Law Society strikes post-Brexit reciprocal qualifying agreements

Law Society strikes post-Brexit reciprocal qualifying agreements

James Cahill

The Law Society of Ireland has announced it has reached a reciprocal qualifying agreement with the Solicitors Regulation Authority in England and Wales.

A slightly more complex agreement, involving a reciprocal exam, has also been reached with the Law Society of Scotland.

The agreements “will once again allow our respective solicitors to qualify across these jurisdictions with ease”, James Cahill, president of the Law Society of Ireland, has said.

Over 4,500 solicitors qualified in England and Wales have added their names to the Irish roll of solicitors since 2016, many of them motivated by the Brexit vote.

Mr Cahill said: “The newly reinstated arrangement allows an Irish qualified solicitor to add their name to the roll of solicitors in England and Wales without having to sit the qualified lawyers transfer scheme.

“Notably, Irish solicitors will also be exempt from the solicitors qualifying examination when it is introduced in September 2021.

“Similarly, solicitors qualified in England and Wales can apply for a certificate of admission to the Irish roll of solicitors without having to sit additional examinations.

“And in yet another progressive development, the Law Society of Ireland and Law Society of Scotland have also reached an agreement allowing respective transfers to each other’s jurisdiction pending solicitors pass a reciprocal exam.”

The agreements were approved by the Law Society’s education committee and the Law Society Council last week.

Mr Cahill said: “We are encouraged by our continued positive and open relationship with our neighbouring jurisdictions, despite the challenges presented by Brexit.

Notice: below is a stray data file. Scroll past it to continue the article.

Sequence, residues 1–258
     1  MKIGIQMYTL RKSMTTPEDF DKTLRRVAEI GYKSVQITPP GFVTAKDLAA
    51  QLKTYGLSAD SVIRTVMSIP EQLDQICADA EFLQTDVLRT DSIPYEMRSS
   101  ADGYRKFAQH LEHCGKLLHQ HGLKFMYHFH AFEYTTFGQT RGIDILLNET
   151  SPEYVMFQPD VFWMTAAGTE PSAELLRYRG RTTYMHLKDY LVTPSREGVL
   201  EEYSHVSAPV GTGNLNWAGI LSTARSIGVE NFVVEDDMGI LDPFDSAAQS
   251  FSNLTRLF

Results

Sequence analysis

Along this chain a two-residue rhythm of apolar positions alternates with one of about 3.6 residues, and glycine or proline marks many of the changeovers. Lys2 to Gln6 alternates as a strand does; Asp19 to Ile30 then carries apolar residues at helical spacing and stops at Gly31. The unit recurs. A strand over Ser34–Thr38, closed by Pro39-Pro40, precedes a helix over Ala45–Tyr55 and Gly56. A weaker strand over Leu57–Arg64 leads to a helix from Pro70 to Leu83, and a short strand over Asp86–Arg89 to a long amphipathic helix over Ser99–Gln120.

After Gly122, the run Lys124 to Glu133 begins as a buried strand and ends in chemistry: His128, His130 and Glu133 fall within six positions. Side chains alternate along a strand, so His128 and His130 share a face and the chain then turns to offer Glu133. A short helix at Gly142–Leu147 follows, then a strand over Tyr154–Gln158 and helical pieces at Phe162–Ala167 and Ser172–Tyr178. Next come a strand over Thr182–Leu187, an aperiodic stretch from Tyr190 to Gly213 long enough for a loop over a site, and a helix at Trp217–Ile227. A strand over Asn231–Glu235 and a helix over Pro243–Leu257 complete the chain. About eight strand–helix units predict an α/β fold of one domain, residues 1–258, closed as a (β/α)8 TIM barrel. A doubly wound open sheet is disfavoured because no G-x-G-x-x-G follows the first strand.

“Brexit has already shown to be a catalyst for new business in Ireland with several UK firms setting up bases here, investing and providing training contracts for aspiring solicitors. The opportunity to reinstate and develop these agreements will benefit solicitors on both sides of the water.”

He added: “This is also good news for the clients of solicitors in each jurisdiction who over the past many years have become used to an almost borderless arrangement.

“Many solicitors have clients who, as emigrants in the past, have properties and business interests in the UK and Ireland and are used to and perfectly comfortable dealing with their solicitors on both sides of the Irish sea.”

However, he restated that solicitors joining the Irish roll from another jurisdiction can still only practise under an Irish practising certificate if they themselves are practising (or intending to practise) from an office in Ireland, and are working in a solicitors’ firm that has mandatory Irish professional indemnity insurance in place.

Mr Cahill concluded: “A sincere thanks to the Solicitors Regulation Authority, the Law Society of England and Wales and the Law Society of Scotland for their support and understanding on reaching these mutually beneficial arrangements for our shared profession.”

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